Live Review: Falls Music & Arts Festival Day Three - North Byron Parklands (01.01.15)

It’s the afternoon, the heat has broken slightly, and Asgeir stands on the Forest Stage, playing a lilting cover of Nirvana’s “Heart Shaped Box”. Hushed and gentle, it shifts Cobain’s drawl for Asgeir’s fey vocals, altering it into a delicate indie anthem. It’s halfway through his set, and he’s just warmed up after a sluggish start. Single “Going Home” came just before, extended with pitch warped keyboard solos, and “King And Cross” will come later, before the folkish “Torrent” closes out the set.

It’s a shift in energy from the previous act –Remi was crackling, skulking and ducking over the stage as rhymes as he slipped rhymes a mile a minute. It was a barebones set up – there’s only him and a drummer on stage – but there’s nothing lacking in sound, “LIVIN” was rife with dirty beats.

If Day Two was all about hip hop, then Day Three was all about dance. Jagwar Ma played a pulsing set in the Valley, extending album tracks “Come Save Me” and “The Throw” into 15 minute long psych jams. Johnny Ma’s vocals were slathered in effects, with so much echo that when he was speaking to the crowd he was barely coherent.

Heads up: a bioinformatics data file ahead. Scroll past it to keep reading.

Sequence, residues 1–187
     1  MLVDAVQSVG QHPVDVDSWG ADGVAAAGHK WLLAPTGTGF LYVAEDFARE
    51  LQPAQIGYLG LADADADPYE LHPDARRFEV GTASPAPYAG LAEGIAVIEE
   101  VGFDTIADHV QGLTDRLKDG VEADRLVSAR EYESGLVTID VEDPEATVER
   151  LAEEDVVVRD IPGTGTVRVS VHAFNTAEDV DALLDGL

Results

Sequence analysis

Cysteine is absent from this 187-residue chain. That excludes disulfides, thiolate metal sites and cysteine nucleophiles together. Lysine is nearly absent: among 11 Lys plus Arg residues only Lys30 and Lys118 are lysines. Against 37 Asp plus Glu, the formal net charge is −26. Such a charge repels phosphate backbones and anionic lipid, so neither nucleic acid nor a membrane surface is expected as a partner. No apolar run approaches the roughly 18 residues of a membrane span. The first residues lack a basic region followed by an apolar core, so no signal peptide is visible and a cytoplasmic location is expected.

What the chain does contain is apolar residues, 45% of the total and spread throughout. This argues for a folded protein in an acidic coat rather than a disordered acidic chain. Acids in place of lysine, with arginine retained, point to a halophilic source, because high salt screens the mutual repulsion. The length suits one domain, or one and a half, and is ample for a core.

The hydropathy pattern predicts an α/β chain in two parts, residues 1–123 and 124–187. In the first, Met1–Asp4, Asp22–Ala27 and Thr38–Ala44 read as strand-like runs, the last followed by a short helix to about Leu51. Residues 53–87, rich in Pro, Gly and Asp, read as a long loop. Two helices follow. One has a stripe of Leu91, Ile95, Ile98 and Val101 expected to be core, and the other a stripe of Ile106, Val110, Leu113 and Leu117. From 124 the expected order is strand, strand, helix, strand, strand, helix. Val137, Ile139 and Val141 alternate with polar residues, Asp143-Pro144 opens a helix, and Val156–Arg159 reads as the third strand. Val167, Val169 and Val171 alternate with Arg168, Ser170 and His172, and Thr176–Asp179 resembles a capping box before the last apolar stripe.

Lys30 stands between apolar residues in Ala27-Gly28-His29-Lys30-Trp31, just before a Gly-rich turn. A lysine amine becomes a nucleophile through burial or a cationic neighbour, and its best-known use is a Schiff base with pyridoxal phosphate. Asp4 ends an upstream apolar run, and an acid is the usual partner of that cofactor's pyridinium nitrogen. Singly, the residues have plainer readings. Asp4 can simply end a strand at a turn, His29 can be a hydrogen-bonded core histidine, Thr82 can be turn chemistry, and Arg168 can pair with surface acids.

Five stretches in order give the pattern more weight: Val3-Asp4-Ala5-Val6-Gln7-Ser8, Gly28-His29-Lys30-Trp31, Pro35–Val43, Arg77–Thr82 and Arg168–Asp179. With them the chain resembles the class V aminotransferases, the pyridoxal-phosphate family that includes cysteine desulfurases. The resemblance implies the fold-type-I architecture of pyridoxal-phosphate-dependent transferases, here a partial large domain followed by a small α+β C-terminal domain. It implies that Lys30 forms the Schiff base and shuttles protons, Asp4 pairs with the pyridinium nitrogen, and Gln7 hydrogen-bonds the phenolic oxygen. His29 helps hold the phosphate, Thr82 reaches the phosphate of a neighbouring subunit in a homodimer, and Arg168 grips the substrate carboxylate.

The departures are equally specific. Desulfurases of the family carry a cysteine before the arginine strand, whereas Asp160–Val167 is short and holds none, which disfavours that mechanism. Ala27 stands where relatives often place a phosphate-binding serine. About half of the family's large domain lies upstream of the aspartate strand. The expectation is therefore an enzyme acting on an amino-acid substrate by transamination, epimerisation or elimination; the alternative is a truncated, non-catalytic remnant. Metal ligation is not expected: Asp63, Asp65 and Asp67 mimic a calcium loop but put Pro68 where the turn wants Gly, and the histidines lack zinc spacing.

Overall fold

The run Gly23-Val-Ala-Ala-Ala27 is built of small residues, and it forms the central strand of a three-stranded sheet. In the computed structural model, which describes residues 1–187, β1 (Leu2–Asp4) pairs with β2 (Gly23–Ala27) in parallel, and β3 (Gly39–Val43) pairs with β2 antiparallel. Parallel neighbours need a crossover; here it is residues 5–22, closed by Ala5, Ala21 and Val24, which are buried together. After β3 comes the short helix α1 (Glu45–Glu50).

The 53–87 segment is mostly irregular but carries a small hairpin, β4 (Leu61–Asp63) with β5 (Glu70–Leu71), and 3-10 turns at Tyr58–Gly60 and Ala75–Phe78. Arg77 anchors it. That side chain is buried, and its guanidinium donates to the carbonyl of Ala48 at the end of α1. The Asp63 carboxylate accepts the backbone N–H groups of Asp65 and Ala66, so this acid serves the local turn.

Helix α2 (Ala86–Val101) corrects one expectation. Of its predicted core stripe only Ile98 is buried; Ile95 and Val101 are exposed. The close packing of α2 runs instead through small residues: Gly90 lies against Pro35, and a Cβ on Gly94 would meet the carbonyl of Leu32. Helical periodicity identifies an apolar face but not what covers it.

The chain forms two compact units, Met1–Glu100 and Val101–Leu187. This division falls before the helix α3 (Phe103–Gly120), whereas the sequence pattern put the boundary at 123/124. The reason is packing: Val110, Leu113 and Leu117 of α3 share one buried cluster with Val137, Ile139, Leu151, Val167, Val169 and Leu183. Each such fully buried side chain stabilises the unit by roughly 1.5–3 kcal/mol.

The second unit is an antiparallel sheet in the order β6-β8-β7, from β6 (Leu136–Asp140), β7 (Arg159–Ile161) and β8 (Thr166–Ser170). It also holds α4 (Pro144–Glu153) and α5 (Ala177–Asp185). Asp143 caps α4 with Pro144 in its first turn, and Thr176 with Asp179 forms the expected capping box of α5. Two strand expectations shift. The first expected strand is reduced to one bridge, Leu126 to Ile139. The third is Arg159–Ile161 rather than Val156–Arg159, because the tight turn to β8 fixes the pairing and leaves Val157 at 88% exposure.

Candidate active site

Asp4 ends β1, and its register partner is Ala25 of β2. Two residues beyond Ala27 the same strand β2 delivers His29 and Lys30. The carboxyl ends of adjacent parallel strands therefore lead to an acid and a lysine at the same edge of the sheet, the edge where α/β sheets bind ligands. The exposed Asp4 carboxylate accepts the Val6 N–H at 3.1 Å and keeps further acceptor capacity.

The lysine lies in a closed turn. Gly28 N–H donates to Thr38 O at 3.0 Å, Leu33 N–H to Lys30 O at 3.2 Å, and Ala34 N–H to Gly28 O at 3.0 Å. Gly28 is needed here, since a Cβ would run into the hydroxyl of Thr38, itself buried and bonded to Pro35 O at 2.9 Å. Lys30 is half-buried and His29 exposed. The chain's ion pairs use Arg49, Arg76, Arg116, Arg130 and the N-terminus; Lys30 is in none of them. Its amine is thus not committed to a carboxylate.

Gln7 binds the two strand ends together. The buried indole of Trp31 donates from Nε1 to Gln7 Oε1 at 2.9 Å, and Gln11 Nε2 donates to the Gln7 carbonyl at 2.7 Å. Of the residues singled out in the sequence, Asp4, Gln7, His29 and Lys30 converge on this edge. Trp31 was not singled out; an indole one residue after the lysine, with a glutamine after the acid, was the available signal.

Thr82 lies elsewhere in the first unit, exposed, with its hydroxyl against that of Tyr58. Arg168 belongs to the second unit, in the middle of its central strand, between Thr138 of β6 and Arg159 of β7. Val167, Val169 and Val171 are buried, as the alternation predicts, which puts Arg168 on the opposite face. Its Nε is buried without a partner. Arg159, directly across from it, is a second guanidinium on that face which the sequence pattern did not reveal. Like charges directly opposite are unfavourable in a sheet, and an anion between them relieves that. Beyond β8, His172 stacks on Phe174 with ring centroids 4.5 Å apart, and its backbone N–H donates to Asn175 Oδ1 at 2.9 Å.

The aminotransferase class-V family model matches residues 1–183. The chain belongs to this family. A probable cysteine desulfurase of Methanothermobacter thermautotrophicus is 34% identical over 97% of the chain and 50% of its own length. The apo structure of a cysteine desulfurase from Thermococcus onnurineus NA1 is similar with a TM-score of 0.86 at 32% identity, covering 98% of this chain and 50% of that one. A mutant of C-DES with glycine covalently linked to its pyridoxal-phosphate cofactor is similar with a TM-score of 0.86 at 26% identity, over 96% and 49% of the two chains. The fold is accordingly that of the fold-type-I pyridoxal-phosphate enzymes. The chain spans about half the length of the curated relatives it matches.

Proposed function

Slotted into the sunset set, The Temper Trap coasted on their arsenal of hits. Opening with the tumbling “Rabbit Hole”, before moving into festival territory with the huge “Trembling Hands”. They premiered some new tracks – “Southern Star” was shifting, their cover of “Rock The Casbah” standard, before “Sweet Disposition” closed it out on a predictable high.

They may be veterans of the scene, but The Presets once again proved why they were still around. Their set was shattering – Julian Hamilton ran out of breath in the midst of the restless “Youth In Trouble”, filled out with massive muted bass drops; “Goodbye Future” and “My People” showered in dense beats. “Talk Like That” was frenzied - broken into sharp synth splinters. Following on, London’s La Roux made her Australian comeback - dressed sharply in green pants, black suit jacket, her trademark red quiff rising sleekly from her head – bouncing through tracks from 2009’s La Roux and latest album Trouble In Paradise. “In For The Kill” came second, Elly Jackson’s vocals having lost none of their quality – high and wavering, she flips around the register above the bubbling synths. “I’m Not Your Toy” was a deadly 80’s glitz punch, Jackson stalking the stage, huge eyes icy cold as she tore notes from her throat. Jaunty “Uptight Downtown” and the scattershot, killer “Bulletproof” closed – a businesslike and watertight set.

None can match Empire Of The Sun for theatricality – their set featured (amongst other things): t-shirt guns, confetti cannons, flag waving people wearing bullhorns, numerous costume changes, and a huge sun shaped symbol in the middle of the stage. Front man Luke Steele was draped in gold chains, donning a glittering gold cloak for “Walking On A Dream”, where he wrenched chords from his white Stratocaster, before lifting it up and smashing its neck off clean over his knee. Feel good closer “Alive” fist punched its way to the end, with Steele and the second to last Falls day both disappearing in a cloud of smoke.